The First (2013)

 

Welcome to the spring CSA!  As most of you know already, our spring shares are generally composed of different types of greens (arugula, lettuce, mustard mix, spinach), herbs, radishes, scallions, peas, and then the beginnings of the summer treats toward the end.  This week is no different.  You received:

A choice between greens
Chives
Sage
Spring Onions
Radishes
Eggs or Spinach
The Eggs you received came from the 16 hens that live on the farm.  Most of them are a breed called White Leghorn.  Leghorns are the standard commercial breed in the United States.  They are extremely efficient egg layers–they lay 25% more eggs a year than many heritage breeds, and are light eaters.  We didn’t choose this breed, we received them for free from a 5th grade science class that had hatched eggs as part of a lesson.  We were happy to get free chickens, but were worried that they wouldn’t be a good fit for our farm because of their reputation as a factory breed.  At first they did give us some trouble–they used to love to fly over the fence, and sleep in trees–both habits put them in higher danger of predation and being annoying.  We worried that all of their survival sense had been bred out of them.  As winter set in, though, they joined the others in the coop, and more than just surviving, they continued to lay eggs all winter long.  The experience reinforced my opinions about the amazingness of chickens–they turn all of our kitchen scraps and weeds into delicious breakfast, and they can survive a Chicago winter without any supplemental energy!
You may not have noticed, but we don’t have electricity at the farm, so the chicken coops are heated and cooled passively.  The tall coop has three inch thick insulated walls that help keep in the birds heat during the winter, and the heat out in the summer.  Both coops have lots of windows, and we put them under a large deciduous tree so that the Sun would shine on them in the winter, but they would be shaded in the summer.  The tall coop is also draft free except from bellow.  Because much of the gas given off by the chicken poop and bedding is heavier than air, it settles low in the coop and can be drafted out the bottom, while the heat the chickens generate will rise to the top where the chickens roost to sleep.  Also because we don’t have electricity at the farm, we have been brooding the next flock of chickens at my house where we can warm them with a lamp an a space heater if needed.  This is a flock of 25 chickens of many different heritage breeds.  The new chickens were born in early March and have recently gotten big enough to start to live outside (if the forecast cooperates).  We’re going to start expanding the chicken area at the farm to accommodate them this week, and will move them in as soon as the forecast seems warm enough.  We’re hoping that they will start to lay eggs in August, so that we can expand the egg CSA by September.  If you are interested in being added to the egg CSA, let us know and we’ll put you on the waiting list.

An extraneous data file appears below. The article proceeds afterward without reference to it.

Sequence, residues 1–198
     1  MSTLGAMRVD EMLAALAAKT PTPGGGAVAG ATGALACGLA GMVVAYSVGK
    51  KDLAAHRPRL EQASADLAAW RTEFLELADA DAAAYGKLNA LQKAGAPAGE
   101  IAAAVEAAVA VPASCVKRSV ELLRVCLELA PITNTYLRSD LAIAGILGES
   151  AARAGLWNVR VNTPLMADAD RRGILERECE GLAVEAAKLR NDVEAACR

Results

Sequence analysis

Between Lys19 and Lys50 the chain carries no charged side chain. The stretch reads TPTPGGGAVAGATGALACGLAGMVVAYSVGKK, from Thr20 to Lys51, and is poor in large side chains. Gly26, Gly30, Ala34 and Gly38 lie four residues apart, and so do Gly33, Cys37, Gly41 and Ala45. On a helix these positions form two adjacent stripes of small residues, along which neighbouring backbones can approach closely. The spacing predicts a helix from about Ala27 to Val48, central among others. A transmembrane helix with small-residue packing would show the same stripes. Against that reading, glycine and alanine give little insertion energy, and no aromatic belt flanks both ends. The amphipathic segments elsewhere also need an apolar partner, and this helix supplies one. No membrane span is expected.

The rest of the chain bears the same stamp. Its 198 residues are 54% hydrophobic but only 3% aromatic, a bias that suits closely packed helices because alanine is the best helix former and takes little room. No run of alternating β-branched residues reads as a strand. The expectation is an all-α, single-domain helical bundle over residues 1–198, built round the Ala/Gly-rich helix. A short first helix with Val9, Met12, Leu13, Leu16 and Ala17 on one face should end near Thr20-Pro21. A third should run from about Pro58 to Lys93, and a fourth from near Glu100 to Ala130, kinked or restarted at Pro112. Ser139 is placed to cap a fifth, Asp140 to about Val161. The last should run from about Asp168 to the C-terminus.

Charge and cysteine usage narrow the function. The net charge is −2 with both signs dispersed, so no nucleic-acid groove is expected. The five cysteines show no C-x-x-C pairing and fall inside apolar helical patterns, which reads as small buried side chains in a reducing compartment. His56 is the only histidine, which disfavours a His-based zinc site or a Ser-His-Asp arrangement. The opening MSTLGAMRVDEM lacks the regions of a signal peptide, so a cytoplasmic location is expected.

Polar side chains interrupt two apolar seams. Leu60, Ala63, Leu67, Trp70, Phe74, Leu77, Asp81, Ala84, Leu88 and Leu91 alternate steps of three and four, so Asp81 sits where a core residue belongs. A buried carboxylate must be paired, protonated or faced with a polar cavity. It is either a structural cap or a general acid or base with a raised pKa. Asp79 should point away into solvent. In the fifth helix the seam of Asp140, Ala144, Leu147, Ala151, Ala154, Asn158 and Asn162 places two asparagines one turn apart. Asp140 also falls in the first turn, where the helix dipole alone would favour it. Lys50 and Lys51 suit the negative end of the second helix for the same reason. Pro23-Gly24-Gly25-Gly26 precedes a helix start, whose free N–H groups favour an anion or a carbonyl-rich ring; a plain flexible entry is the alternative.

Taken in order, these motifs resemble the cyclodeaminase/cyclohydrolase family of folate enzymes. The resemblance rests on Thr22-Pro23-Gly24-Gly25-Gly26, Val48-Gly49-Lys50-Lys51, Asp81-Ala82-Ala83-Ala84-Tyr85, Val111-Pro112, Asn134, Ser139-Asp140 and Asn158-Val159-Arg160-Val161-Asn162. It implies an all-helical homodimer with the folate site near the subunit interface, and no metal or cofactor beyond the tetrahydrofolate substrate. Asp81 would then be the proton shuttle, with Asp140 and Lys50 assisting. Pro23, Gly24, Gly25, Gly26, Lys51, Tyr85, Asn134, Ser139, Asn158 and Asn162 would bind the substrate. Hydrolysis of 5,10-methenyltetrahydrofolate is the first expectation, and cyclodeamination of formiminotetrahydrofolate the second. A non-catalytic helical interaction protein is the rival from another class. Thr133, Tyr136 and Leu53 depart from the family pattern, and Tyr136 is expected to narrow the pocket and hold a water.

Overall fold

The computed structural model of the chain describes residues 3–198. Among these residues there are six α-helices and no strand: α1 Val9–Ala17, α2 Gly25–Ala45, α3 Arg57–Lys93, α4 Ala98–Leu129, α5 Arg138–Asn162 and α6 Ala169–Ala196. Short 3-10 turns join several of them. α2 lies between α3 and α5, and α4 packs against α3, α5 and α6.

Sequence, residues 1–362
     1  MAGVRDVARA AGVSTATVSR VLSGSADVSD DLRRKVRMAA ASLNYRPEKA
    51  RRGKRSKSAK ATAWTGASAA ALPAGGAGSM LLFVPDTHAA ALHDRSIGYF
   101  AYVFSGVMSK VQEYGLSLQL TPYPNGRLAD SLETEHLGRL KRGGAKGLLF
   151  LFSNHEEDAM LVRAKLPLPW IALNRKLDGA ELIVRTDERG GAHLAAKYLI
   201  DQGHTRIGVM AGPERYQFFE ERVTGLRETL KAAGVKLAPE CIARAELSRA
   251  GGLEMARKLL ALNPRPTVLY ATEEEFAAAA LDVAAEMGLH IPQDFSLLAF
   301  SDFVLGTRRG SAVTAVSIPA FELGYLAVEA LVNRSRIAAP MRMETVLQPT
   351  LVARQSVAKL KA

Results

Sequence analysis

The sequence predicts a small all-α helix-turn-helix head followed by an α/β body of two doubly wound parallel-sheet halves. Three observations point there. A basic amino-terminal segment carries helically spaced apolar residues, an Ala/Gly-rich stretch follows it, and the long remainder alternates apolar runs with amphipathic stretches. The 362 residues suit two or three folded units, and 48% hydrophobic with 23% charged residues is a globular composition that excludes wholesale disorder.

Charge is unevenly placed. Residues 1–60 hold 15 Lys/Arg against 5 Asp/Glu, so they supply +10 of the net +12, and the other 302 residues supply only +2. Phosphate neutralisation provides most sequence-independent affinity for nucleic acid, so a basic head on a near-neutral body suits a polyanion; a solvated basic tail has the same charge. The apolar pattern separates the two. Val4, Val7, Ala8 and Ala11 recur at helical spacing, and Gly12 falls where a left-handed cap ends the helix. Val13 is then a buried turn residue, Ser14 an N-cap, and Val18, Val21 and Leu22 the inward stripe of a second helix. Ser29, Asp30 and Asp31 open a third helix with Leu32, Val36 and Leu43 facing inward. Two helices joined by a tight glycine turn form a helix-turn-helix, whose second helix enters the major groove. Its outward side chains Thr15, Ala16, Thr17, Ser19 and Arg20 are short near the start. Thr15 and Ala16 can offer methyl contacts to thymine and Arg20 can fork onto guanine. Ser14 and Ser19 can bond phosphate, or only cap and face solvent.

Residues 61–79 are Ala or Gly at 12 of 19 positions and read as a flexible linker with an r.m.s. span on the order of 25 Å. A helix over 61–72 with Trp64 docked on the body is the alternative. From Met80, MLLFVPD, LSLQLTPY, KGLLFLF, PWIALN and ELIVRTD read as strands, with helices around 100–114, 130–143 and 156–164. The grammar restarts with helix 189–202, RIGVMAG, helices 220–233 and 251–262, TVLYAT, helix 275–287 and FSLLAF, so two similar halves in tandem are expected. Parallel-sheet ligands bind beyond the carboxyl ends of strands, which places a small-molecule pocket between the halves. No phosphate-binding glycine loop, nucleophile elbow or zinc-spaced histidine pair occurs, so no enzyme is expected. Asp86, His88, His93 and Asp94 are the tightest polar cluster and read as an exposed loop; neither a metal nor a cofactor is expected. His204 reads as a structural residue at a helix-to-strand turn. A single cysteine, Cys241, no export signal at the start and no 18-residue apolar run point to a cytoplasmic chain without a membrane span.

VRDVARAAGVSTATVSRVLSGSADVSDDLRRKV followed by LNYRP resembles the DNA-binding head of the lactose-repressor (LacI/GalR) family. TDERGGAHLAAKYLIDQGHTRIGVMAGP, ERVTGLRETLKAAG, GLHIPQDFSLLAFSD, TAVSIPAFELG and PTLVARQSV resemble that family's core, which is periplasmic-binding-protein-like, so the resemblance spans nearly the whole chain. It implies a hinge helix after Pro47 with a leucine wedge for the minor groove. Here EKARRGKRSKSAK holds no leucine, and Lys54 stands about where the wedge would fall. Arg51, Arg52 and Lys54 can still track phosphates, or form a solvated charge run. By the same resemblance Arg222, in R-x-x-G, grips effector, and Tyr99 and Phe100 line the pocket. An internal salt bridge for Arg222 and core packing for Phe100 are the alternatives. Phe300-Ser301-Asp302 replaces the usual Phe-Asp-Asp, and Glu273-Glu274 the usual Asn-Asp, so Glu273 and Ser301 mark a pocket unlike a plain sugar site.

Recipe:
Okay, so Katie is writing this email, and Katie rarely uses recipes, BUT I found this recipe online that you all might want to try this week.  It will use the radishes, the onions, and possibly even the eggs!
If you try it, let me know how it goes.
See you next week
Katie and Molly
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